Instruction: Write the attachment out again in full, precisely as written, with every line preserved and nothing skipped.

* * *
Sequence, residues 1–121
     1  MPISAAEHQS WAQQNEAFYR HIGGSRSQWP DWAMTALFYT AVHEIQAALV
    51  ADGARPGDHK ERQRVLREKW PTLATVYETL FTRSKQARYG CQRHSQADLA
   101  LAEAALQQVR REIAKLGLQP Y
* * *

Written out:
Sequence, residues 1–121
     1  MPISAAEHQS WAQQNEAFYR HIGGSRSQWP DWAMTALFYT AVHEIQAALV
    51  ADGARPGDHK ERQRVLREKW PTLATVYETL FTRSKQARYG CQRHSQADLA
   101  LAEAALQQVR REIAKLGLQP Y